Some thoughts on the recent atrocities in Paris

The news of ordinary French people watching sport, chilling out at a cafe or attending a gig this week being gunned down by violent extremists, really brings home how it could have been any one of us. Its unthinkably awful that anyone would target random innocent civilians like this.

But the response from the public has been split in several directions. Do we need to toughen our stance on asylum seekers? Tighten border controls? Crack down on Muslims more generally? Do we need to show solidarity with the French by lighting everything from water fountains to facebook profiles in red, white and blue? Has this finally brought terrorism to us in Western Europe? Or does it just highlight how we are constantly ignoring the stories of so many people of other nationalities who have been killed across the world recently without making headlines of outpourings of sympathy? These are complicated questions to unpick.

In terms of whether the right response is to call for harsher actions towards violent extremists, I am reminded of an article I read in the psychologist, and an evidence review in the BPS research digest about the psychology of terrorism and extremism respectively. The main point I took from it is that acknowledging the kernel of legitimate grievance behind such actions and engaging in dialogue with moderates from similar demographics are both actions that make it harder to for extremists to recruit, whilst moving towards more polarised positions (eg all this tough talk about closing borders and not negotiating with terrorists) or language blaming the whole of a culture or religious group make more people within that broader group feel inclined to sign up to the more extreme positions.

Whilst the actions of ISIS are deplorable, the generalisation of negative feeling to all muslims is appalling. I even read about a tragic story in which a Hindu man had been pushed into the path of a train and killed by someone who thought this was a suitable reprisal for 9/11. Islam is a religion as large and diverse as Christianity. Nobody thinks the Klu Klux Klan represent Christians, yet large swathes of the western world appear to think ISIS speak for all muslims, when they are just as misrepresentative of the mainstream view within Islam. And alienating Muslims from the western world is a big mistake. The huge amount of moderate representatives of Islam (over a billion of them) are ordinary people who are just as appalled about the action of extremists as members of other religions or none. And they also form the moderate pole of the spectrum from which the extremists are drawn to ISIS. So we need to ensure that we engage this group in how we address these atrocities, and to integrate them into our societies to ensure this polarisation does not continue to play out across the world.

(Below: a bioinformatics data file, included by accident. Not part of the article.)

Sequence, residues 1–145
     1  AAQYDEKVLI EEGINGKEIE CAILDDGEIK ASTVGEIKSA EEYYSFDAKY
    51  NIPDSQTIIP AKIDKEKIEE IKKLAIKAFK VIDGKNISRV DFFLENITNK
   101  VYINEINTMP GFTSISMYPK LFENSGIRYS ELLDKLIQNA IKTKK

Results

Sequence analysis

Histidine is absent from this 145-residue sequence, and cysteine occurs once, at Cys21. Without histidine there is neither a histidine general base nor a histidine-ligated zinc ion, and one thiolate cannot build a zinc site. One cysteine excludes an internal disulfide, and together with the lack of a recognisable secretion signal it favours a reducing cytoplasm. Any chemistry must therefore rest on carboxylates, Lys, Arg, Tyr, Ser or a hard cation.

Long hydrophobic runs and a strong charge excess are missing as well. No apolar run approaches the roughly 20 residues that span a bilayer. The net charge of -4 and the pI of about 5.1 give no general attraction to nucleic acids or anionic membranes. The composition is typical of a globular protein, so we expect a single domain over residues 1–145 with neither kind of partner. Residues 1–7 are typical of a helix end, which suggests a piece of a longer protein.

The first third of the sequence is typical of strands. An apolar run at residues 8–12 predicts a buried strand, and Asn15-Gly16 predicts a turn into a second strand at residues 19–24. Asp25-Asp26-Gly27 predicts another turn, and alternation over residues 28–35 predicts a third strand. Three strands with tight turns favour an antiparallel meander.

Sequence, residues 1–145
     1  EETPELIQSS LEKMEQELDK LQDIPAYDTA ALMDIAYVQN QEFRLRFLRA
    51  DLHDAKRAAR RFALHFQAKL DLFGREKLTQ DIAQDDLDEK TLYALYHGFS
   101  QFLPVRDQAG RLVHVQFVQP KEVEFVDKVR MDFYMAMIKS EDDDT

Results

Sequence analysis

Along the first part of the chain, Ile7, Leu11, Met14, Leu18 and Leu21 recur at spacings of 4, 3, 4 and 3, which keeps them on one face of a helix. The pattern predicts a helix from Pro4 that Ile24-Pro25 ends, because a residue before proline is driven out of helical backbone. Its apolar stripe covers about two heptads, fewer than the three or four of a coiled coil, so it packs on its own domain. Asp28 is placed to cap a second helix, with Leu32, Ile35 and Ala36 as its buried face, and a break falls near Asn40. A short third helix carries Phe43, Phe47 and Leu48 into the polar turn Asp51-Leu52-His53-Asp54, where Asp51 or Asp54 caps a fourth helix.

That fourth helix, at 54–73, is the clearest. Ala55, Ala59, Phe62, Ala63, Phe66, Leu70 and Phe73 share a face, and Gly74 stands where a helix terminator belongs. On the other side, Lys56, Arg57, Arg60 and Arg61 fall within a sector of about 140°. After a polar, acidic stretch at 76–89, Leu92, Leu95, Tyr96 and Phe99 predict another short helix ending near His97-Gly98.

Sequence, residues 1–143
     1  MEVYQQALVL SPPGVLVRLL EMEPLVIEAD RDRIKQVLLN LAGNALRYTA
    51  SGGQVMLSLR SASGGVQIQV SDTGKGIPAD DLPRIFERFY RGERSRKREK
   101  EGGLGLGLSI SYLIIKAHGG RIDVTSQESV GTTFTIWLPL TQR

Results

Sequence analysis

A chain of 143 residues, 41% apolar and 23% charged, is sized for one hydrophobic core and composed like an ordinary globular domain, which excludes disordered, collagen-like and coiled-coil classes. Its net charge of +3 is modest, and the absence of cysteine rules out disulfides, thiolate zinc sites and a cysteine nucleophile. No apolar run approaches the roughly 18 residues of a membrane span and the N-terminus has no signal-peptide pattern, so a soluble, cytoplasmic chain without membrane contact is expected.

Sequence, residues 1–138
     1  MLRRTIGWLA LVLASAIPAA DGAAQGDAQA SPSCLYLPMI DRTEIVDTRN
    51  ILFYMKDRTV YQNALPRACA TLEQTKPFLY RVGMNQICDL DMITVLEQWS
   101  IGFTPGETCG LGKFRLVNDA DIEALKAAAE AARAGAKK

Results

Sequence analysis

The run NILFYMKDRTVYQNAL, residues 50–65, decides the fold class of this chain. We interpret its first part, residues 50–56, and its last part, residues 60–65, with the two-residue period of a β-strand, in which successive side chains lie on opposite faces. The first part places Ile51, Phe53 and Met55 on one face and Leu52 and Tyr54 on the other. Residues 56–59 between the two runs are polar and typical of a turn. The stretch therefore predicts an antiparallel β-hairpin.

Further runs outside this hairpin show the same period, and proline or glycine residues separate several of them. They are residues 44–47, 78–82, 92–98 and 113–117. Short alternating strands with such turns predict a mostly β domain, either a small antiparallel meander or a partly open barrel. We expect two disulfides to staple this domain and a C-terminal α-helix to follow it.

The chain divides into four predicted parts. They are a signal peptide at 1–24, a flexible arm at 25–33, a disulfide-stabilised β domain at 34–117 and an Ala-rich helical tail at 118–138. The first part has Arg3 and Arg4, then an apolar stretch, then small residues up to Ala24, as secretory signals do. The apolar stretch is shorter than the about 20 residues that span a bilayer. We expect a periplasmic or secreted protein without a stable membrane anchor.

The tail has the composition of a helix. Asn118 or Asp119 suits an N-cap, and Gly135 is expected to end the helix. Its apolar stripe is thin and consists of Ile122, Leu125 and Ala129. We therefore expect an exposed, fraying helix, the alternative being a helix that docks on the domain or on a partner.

Extremism comes from perceived injustice and powerlessness amplified in small groups of like-minded others, and justified with reference to religion. Reducing injustice, allowing grievances to be heard and addressed, and being inclusive to moderate representatives are the only variables that anybody outside of the individual and those very small cultural subgroups has any control over, and it is these things that let South Africa get out of apartheid and Northern Ireland get out of the troubles there. I can’t see any other way to address the other conflicts going on in the world, be they in Afghanistan, Iraq, Gaza, Nigeria, Syria or Somalia. Surely, even if we accept that some human beings will always turn to violence, the aim is to reduce the scale of conflicts down from wars to individuals, so that less people get caught in the crossfire?

As to whether we have reacted with more sympathy to deaths in France to deaths elsewhere in the world. Again I think this is a complex issue. There is implicit bias in the system, coupled with habituation. We are more attentive to stories that feature people we identify with, and we pay more attention where the events seem novel, rather than recurrent. Think about children going missing from home and the coverage that white kids from ‘nice homes’ get when compared to any other ethnicity, or kids from the care system (by way of example, the other day I noticed that three kids went missing from the same place on the same day and only the white girl got news coverage). The British media definitely place more focus on events that affect white, western nations. Even though non-mainstream media and some voices within social media are picking up on this theme and people are starting to question the systemic bias in the news, I think it is fair to say that we do have endemic problems with racism in the western world. Whether that is due to prejudice, vested interests or the fact that telling stories about familiar protagonists or showing photos that look like the customer is more likely to sell newspapers or screen time, I don’t know.